Life During Capitalism- one history student's perspective on life during capitalism

"To omit or to minimize these voices of resistance is to create the idea that power only rests with those who have the guns, who possess the wealth, who own the newspapers and the television stations. I want to point out that people who seem to have no power, whether working people, people of colour, or women-once they organize and protest and create movements-have a voice no government can suppress." Howard Zinn

Wednesday, June 28, 2006

Youth Pay Rates-Polling the People

The polls have almost closed and the government will soon be deciding whether to do away with the youth minimum wage through the Minimum Wage (Abolition of Age Discrimination) Amendment Bill. OMAR HAMED of Radical Youth reflects back on the campaign and hits the streets one final time to see what youth have to say about their pay.

In New Zealand, 16 to 17-year-olds can be legally paid $8.20 per hour for the same work as an 18-year-old who gets at least $10.25. Under 16-year-olds can be paid whatever the employer decides in this country, as there is no set minimum wage for this age group.
When myself and a ragged bunch of young workers and students grouped together, we came to one conclusion.
Paying young people a lower wage for equal work is discrimination – pure and simple. The issue of youth rates is similar to that of pay equality for women with men. In both cases, a member of a social grouping is discriminated against in the workplace because they are a member of that group.

Standing up for a buck

Over the last few months, thousands of students and young people have taken to the streets to demand ‘Equal Work for Equal Pay’. We marched, danced, sung, laughed, cheered and pulled together all meagre resources to create a campaign designed to abolish youth rates.
On Monday March 20 on the stroke of noon in the heart of Auckland’s CBD, 1000 high school students rallied and marched up and down Queen Street.
They demonstrated the power of collective direct action; using their feet to vote for the passing of the Minimum Wage (Abolition of Age Discrimination) Amendment Bill that will scrap youth rates for 16 and 17-year-olds.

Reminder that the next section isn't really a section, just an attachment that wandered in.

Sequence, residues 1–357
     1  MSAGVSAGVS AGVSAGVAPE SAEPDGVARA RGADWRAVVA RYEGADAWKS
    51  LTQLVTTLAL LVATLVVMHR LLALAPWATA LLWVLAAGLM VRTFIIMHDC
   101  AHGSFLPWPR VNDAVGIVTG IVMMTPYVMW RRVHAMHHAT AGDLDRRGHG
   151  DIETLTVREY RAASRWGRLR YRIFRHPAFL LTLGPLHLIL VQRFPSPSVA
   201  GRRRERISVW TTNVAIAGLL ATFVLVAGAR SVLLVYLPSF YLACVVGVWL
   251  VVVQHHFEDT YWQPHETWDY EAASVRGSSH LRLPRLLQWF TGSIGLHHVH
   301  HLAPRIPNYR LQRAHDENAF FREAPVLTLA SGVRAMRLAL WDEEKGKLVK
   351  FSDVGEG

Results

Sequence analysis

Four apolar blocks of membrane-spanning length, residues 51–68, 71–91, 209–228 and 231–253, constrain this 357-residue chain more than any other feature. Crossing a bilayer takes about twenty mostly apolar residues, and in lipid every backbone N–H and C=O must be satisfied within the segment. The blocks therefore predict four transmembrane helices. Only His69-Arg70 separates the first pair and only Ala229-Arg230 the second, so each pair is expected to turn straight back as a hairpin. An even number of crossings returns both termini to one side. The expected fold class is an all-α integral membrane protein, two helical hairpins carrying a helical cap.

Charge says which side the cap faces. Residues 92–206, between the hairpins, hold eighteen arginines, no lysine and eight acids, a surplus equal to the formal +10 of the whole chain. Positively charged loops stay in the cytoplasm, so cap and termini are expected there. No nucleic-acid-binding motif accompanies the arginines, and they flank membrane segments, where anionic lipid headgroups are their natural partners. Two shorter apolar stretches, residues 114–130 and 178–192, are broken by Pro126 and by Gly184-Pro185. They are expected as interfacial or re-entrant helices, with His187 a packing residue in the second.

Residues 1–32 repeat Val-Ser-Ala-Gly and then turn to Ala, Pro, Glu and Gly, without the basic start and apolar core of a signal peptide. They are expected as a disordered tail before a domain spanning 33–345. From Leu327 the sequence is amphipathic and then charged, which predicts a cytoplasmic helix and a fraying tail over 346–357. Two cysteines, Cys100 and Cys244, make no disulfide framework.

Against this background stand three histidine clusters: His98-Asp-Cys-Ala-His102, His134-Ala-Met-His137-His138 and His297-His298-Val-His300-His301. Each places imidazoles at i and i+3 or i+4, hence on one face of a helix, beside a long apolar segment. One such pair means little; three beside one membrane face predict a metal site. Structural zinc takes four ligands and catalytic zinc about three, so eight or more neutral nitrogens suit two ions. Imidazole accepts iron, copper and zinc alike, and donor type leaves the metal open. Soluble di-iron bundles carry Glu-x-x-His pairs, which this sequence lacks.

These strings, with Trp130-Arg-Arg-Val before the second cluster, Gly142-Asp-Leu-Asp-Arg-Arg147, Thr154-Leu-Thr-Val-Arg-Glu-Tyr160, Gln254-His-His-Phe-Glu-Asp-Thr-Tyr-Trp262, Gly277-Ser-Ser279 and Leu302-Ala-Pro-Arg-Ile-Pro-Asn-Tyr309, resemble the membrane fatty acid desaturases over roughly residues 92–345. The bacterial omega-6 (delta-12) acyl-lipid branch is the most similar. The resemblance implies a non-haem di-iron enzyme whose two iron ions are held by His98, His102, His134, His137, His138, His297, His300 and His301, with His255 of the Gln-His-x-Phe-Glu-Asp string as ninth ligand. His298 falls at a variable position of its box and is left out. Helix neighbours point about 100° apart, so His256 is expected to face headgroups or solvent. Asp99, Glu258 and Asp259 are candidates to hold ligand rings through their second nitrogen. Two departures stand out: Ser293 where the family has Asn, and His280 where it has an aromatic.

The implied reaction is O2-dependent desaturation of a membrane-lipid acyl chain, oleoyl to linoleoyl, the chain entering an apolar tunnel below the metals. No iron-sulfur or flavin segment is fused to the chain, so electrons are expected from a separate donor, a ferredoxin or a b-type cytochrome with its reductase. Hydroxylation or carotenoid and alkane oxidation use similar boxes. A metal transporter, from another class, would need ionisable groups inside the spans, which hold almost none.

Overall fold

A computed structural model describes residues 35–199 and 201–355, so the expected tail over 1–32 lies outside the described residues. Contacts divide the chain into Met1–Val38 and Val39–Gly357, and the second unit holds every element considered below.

This stance was backed up on International Workers Day on May 1 when 500 youth and trade union allies marched again down the main strip to demand an end to discrimination based on age.

Forward Movement

The Ministry of Justice has since advised the government that youth rates are an abuse of the New Zealand Bill of Rights Act 1990 – news that has been greeted with pleasant surprise from various youth movements.
In addition, Minister of Youth Affairs Nanaia Mahuta advocated for the abolition of youth rates earlier in the Tearaway May 06 issue.
“MYD has long advocated equal pay for equal work. I suspect there’ll be a number of factors that will effect the outcome and those will include how the economy is going and whether there are employers who can support a universal minimum wage.”
She adds that she will be watching with interest as for the outcome of the Transport and Industrial Relations select committee's deliberations on this issue
The ministry has been conducting a nationwide ‘tick-the-box’ campaign in an effort to give young New Zealanders a strong voice on the issue. The polls officially close on June 30.
Over 100,000 freepost postcards were distributed to secondary schools, technical institutes and through Tearaway magazine asking 12 to 24-year-olds what they think about youth minimum wages.
Green Party Industrial Relations spokesperson Sue Bradford – who first tabled the private members’ bill to parliament in December 2005 – pointed out that youth pay rates may already be illegal as a breach of the Bill of Rights.
She backed up the Ministry of Justice’s advice to the Attorney General, saying she would continue to “vigorously pursue (the) Bill to end discrimination based on age.”

The cost of change

Meanwhile, Employers and Manufacturers Association (Northern) employment services manager David Lowe warns that the removal of youth rates would result in an increase in teenage unemployment.
“The abolition of youth rates means a lot more teenagers would find work harder to get. School leavers already find it hard enough to get started. The option to pay minimum youth rates often gets teenage careers underway,” he says.
Citing a survey undertaken last year by the association, in which 14% of employers reported they were paying youth rates, Mr Lowe adds further weight to the opposing argument.
“Abolishing the youth rates would hurt teenagers more than help them, especially with the present economic outlook, because if an employer has a choice between a school leaver with no work experience, and a more experienced worker, they will choose the worker with more experience every time – unless there is an incentive to do otherwise.”

The Final Frontier

Regardless of the outcome, this campaign has proved that youth do have the power. They have the power that rests in wrestling back control of our cities, communities and culture.
Watch this space.

Published in the July issue of Tearaway



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